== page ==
Florida State University’s noted authorities on civil rights and American history are available to answer media questions and provide analysis of the 50th anniversaries of Freedom Summer and the Civil Rights Act.
Freedom Summer was an effort to dramatically increase voter registration among African-Americans in Mississippi. Three activists were killed June 21, 1964, during a summer marked by violence. The Civil Rights Act was a landmark piece of legislation signed by President Lyndon B. Johnson on July 2, 1964, that outlawed discrimination based on race, color, religion, sex or national origin. It also ended racial segregation in public places and banned employment discrimination.
• Davis Houck, professor in the School of Communication: (850) 980-2656; email@example.com or firstname.lastname@example.org
Houck’s expertise is on political advertising, news coverage and speech making. He is also an expert on the American civil rights movement, war rhetoric, propaganda and media campaigns. He helped research a documentary series about unsolved murders of black civil rights activists and co-edited “In Rhetoric, Religion and the Civil Rights Movement, 1954-1965,” a collection of speeches given by lesser known players in the civil rights movement.
"Even as President Lyndon Johnson was signing one of the most important civil rights bills in U.S. history on July 2, members of the U.S. Navy and Federal Bureau of Investigation were frantically searching for three missing civil rights workers: Andrew Goodman, Michael Schwerner and James Chaney," Houck said. "The three men had gone missing on June 21, just hours after leaving a week-long training workshop in Oxford, Ohio. Their bodies would eventually be recovered on August 4, buried in an earthen dam just outside of Philadelphia, Miss. Civil rights leaders had indeed warned Johnson that federal protection was needed given the repeated threats of violence. Tensions between the federal government and civil rights workers would prove to be a hallmark of what has become known as Freedom Summer."
• Franita Tolson, Betty T. Ferguson Professor of Voting Rights in the College of Law: (850) 644-7402; email@example.com
Tolson’s areas of expertise include election law, constitutional law, legal history and employment discrimination. Her research has been published in leading law reviews, and she has written or appeared as a commentator for various mass media outlets.
“The Civil Rights Act of 1964 is responsible for eradicating much of the discrimination that minorities have faced in almost every walk of life including employment, public education, and public accommodations like restaurants and theaters,” Tolson said. “Its 50th anniversary invites us to revisit not only its success but also the continued need for the act to ensure that the most vulnerable members of society continue to have access to the American dream. In recent years, its provisions have faced significant legal challenges, and civil rights advocates must remain vigilant so that progress can continue for years to come.”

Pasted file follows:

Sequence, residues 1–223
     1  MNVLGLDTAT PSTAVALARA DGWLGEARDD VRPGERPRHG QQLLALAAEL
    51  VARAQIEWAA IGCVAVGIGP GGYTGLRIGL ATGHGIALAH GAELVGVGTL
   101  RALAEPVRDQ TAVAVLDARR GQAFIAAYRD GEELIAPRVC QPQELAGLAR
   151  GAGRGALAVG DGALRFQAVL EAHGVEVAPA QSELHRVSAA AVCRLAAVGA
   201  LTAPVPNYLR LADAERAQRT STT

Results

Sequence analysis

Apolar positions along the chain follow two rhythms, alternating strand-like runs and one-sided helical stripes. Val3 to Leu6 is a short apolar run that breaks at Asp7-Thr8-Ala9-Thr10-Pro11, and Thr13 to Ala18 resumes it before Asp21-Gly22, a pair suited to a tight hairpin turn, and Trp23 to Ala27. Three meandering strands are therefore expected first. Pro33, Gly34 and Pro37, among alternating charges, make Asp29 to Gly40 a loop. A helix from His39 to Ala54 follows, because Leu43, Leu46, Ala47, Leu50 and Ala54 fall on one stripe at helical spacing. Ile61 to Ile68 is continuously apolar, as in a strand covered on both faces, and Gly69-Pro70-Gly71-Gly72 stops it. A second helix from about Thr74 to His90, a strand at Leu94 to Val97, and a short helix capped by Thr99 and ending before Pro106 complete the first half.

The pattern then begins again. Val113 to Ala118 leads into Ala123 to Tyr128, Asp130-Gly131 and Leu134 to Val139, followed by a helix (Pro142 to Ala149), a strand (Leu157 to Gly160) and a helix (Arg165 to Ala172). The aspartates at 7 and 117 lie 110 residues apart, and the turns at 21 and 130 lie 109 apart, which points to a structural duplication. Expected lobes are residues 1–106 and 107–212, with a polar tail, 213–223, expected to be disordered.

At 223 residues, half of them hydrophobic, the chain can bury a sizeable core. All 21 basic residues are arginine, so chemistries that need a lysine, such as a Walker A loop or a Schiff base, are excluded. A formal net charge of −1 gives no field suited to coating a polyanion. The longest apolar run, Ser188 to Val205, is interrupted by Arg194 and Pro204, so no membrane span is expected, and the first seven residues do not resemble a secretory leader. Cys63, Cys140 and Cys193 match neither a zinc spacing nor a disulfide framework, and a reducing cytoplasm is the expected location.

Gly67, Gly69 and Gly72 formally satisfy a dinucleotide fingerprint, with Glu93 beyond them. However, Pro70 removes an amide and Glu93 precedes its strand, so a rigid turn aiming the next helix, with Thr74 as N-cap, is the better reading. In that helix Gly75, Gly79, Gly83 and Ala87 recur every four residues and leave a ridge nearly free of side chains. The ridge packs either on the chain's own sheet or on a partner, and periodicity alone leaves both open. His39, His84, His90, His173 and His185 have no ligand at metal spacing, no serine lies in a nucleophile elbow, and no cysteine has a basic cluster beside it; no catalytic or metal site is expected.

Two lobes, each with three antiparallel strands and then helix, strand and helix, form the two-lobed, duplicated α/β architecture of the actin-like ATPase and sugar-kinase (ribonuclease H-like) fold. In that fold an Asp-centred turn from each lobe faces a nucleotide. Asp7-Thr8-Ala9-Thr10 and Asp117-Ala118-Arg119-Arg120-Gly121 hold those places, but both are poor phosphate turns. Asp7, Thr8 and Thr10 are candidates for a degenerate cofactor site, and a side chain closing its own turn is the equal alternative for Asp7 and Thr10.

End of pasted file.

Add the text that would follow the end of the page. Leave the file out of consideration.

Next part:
• Patrick L. Mason, professor in the Department of Economics: (850) 644-9146 or (850) 668-2060; firstname.lastname@example.org
Mason is professor of economics and director of the African-American Studies Program. His primary areas of expertise include labor, political economy, development, education, social identity and crime. He is particularly interested in racial inequality, educational achievement, income distribution, unemployment, economics of identity, family environment and socioeconomic well-being. Mason is also the general editor of the International Encyclopedia of Race and Racism and has authored more than 90 journal articles, book chapters, books and other professional publications.
“There was tremendous educational, economic, political and social progress in the decade following the Civil Rights Act of 1964. But, this progress was not without costs,” Mason said. “Desegregation brought an end to many African-American institutions without providing full and equal access to white-controlled institutions. In any event, the deep recession of 1973-1975 slowed African-American wage improvement relative to whites in the South and there was not much improvement outside of the South during the first decade after the end of Jim Crow. The recessions of 1979-1982 and the often overtly racially hostile political climate ushered in by the Reagan administration brought economic progress to a halt.
“It would take more than a generation before American society began to experience modest improvement in racial economic equality. Slavery and Jim Crow created an enormous racial wealth gap. Inherited wealth and other intergenerational transfers of wealth and social advantages are important mechanisms for transmitting past inequality into the future. Hence, wealth inequality and continuing racial discrimination in the present indicates there is much more work to be done — even as the Civil Rights of Act of 1964 helped create an America very different from the country that had previously existed for the century prior to the act.”